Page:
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Generals sure to suffer living hell, says Burmese monk

by Pavel Vondra, Czechnews, March 16, 2009

Prague, Czech Republic -- Burmese monk Ashin Sopaka recently came to Prague on the invitation of the One World film festival to introduce one of the strongest human rights documentaries to be shown here in recent years.

<< Ashin Sopaka in Prague: Pavel Vondra

The story of Danish film "Burma VJ" revolves around the work of a group of undercover video-journalists from Burma who cover the anti-government street demonstrations that rocked Rangoon and a few other cities in this military-ruled South East Asian country in August and September 2007.

The revered Buddhist monks took the leading role in the protests, which became known as the Saffron Revolution for the colour of their robes, and they also bore the brunt of the crackdown that the junta eventually unleashed against the demonstrating crowds.

In the interview he gave to Aktuálne.cz, Ashin Sopaka explains what made his fellow monks take on one of the most brutal regimes in the world and how the junta eventually lost its face in front of the Buddhist community:

Aktuálne.cz: Many people around the world were really surprised by the sheer size of the anti-government protests that took place in Burma in September 2007 as well as by the prominent role the Buddhist monks played in those events. Were you surprised too, given that you had been away from the country for several years when it all started?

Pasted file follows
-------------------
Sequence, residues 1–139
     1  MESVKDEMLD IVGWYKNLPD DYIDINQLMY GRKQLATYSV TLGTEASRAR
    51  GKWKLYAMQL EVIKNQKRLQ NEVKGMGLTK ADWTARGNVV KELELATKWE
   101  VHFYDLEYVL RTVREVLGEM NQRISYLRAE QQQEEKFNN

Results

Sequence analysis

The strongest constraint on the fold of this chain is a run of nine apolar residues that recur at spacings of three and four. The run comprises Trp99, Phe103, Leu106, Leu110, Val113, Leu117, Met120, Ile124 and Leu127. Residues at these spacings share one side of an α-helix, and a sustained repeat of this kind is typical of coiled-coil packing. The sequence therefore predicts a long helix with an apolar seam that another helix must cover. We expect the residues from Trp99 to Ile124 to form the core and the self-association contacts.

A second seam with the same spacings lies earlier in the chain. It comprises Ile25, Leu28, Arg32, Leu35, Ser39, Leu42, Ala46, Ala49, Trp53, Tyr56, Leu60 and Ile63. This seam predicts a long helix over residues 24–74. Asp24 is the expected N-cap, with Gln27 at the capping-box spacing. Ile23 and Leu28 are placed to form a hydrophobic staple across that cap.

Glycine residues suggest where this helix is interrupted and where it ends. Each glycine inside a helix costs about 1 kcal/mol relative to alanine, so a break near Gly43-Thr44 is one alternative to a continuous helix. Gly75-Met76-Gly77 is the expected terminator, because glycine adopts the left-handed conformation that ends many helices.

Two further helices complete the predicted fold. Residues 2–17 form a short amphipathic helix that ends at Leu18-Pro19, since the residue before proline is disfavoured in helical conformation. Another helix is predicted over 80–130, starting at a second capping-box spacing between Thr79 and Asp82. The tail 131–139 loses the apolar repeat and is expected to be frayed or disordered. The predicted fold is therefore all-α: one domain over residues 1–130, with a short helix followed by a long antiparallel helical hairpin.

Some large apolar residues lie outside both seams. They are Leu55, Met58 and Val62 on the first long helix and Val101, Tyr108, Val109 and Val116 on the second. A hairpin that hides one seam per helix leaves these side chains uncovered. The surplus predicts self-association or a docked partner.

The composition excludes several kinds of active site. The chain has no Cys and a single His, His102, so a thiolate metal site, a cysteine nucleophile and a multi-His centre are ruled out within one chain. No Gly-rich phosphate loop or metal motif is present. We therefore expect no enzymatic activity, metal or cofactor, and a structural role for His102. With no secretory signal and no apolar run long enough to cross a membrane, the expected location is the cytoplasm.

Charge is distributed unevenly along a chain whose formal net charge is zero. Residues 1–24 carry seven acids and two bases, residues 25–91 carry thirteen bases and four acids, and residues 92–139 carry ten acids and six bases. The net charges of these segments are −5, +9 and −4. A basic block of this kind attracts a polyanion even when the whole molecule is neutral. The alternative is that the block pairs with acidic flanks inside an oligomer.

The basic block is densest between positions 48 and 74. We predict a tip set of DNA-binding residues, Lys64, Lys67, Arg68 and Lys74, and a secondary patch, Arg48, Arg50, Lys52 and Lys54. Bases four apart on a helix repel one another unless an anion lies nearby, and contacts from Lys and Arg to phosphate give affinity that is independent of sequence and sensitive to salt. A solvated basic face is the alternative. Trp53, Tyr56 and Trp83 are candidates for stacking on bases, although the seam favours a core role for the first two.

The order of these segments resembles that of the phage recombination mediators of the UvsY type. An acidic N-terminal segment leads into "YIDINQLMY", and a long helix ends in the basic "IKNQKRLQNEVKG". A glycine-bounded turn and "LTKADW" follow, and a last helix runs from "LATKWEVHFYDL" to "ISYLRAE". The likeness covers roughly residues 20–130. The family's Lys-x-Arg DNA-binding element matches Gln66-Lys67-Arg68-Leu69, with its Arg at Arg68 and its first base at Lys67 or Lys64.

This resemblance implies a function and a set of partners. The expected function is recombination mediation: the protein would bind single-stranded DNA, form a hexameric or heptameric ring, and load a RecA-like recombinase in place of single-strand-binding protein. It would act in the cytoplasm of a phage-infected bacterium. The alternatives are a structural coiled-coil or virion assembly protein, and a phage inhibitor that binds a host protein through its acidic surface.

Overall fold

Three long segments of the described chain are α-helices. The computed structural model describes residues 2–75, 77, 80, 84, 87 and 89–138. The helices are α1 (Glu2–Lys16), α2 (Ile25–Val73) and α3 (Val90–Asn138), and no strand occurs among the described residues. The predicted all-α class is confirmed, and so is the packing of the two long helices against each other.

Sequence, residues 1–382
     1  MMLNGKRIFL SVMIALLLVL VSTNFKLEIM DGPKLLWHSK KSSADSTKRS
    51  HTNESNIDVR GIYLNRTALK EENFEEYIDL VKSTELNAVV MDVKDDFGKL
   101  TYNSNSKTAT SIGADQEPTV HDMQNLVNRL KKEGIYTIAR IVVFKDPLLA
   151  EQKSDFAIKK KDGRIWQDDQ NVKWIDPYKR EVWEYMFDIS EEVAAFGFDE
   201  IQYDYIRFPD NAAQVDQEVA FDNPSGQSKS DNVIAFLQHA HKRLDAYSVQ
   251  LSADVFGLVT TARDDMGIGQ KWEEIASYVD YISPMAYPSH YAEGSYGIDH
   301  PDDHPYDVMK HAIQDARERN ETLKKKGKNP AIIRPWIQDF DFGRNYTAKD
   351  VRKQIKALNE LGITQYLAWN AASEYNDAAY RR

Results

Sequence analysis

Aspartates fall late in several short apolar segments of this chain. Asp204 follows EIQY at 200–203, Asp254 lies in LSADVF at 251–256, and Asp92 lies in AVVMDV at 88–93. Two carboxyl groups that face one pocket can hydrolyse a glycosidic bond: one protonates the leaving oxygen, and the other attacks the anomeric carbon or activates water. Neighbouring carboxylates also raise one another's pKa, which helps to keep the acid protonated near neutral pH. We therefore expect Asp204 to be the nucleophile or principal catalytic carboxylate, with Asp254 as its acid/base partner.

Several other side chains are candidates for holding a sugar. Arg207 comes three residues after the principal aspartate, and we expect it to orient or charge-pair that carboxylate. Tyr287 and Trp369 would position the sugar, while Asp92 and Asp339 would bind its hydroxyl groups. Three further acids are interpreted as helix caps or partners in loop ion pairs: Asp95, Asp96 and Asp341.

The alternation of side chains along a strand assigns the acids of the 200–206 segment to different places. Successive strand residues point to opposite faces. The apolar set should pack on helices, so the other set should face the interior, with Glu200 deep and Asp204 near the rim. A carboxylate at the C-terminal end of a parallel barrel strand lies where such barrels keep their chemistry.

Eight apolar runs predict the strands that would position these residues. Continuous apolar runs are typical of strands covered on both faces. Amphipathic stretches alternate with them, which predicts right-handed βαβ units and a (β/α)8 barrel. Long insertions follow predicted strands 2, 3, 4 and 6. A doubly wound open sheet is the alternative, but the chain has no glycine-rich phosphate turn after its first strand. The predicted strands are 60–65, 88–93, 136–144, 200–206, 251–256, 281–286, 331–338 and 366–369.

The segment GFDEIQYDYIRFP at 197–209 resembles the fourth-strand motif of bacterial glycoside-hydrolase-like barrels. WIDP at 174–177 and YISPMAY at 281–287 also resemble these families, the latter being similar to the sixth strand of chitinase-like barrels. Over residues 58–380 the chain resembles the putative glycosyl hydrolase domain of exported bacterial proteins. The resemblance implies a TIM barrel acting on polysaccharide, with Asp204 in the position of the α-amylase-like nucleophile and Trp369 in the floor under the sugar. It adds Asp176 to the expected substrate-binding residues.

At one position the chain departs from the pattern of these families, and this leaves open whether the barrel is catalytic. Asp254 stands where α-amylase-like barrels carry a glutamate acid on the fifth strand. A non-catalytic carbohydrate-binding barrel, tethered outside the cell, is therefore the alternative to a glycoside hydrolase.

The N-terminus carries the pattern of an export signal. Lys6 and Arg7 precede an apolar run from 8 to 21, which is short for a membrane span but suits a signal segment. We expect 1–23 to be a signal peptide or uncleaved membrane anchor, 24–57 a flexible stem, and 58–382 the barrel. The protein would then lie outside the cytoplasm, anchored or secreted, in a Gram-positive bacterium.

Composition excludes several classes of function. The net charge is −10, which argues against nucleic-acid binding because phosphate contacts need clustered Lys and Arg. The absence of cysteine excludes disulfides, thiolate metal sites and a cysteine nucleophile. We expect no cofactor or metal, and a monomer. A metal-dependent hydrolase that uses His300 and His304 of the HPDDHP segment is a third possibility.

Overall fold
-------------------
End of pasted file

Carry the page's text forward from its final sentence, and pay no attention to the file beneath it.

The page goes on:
Ashin Sopaka: Of course, when I first saw the pictures of monks marching in the streets, and how many they were - especially on September 24 and 25 - I could not stop crying because I was so happy. I never imagined that so many monks would take to the streets and would lead the demonstrations. I really could not hold back the tears, I was so moved and so happy.

Later, when the regime started shooting at the protesters and the crackdown began, I became so sad that when my German friends tried to visit me I had to tell them to leave me alone. I just closed the door and started crying again. It took me about a week to recover. But then I came to realize that this is like a battle for peace. Its goal was to achieve peace, but it was battle all the same. And I started thinking in another way: in every battle, soldiers die. And the monks who were killed by the regime, they were the real, extraordinary soldiers who sacrificed their lives for the benefit of people. And therefore we had to take responsibility, forget about the pain and move on.

But it was not easy because some people, for example my journalist friends from The Radio Free Asia, were so depressed by what happened that they could not even sleep. I had to encourage them and make them share my vision of the inevitable losses on the side of our "soldiers" for peace to help them recover.

Though I was not directly involved in the events of September 2007 in Burma, I had already done my own peace marches in Germany (from Cologne to Berlin), Thailand (from Bangkok to Mae Sot) and the US (from New York to Washington, DC). And while I was doing it I was imagining what it would be like to do these marches inside Burma. So when the monks really started marching in September and their ranks grew to so many, I was the happiest man on Earth.

There is one thing that many people can't get their heads around. Why is it, they ask, that the Buddhist monks must meddle in politics like they did when they were leading the anti-government demonstrations? How do you justify this as a monk?